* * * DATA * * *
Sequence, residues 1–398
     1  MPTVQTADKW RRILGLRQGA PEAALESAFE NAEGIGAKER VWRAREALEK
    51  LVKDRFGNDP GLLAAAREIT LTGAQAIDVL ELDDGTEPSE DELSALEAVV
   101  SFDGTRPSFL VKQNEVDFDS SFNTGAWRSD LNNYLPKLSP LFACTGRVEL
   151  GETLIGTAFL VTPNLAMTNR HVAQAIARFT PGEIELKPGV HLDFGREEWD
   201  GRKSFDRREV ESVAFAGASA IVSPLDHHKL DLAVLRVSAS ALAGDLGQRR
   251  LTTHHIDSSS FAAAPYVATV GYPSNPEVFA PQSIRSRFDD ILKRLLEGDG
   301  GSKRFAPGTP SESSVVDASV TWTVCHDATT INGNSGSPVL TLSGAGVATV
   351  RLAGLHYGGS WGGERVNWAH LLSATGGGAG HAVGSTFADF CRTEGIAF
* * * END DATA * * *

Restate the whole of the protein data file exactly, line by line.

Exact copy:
Sequence, residues 1–398
     1  MPTVQTADKW RRILGLRQGA PEAALESAFE NAEGIGAKER VWRAREALEK
    51  LVKDRFGNDP GLLAAAREIT LTGAQAIDVL ELDDGTEPSE DELSALEAVV
   101  SFDGTRPSFL VKQNEVDFDS SFNTGAWRSD LNNYLPKLSP LFACTGRVEL
   151  GETLIGTAFL VTPNLAMTNR HVAQAIARFT PGEIELKPGV HLDFGREEWD
   201  GRKSFDRREV ESVAFAGASA IVSPLDHHKL DLAVLRVSAS ALAGDLGQRR
   251  LTTHHIDSSS FAAAPYVATV GYPSNPEVFA PQSIRSRFDD ILKRLLEGDG
   301  GSKRFAPGTP SESSVVDASV TWTVCHDATT INGNSGSPVL TLSGAGVATV
   351  RLAGLHYGGS WGGERVNWAH LLSATGGGAG HAVGSTFADF CRTEGIAF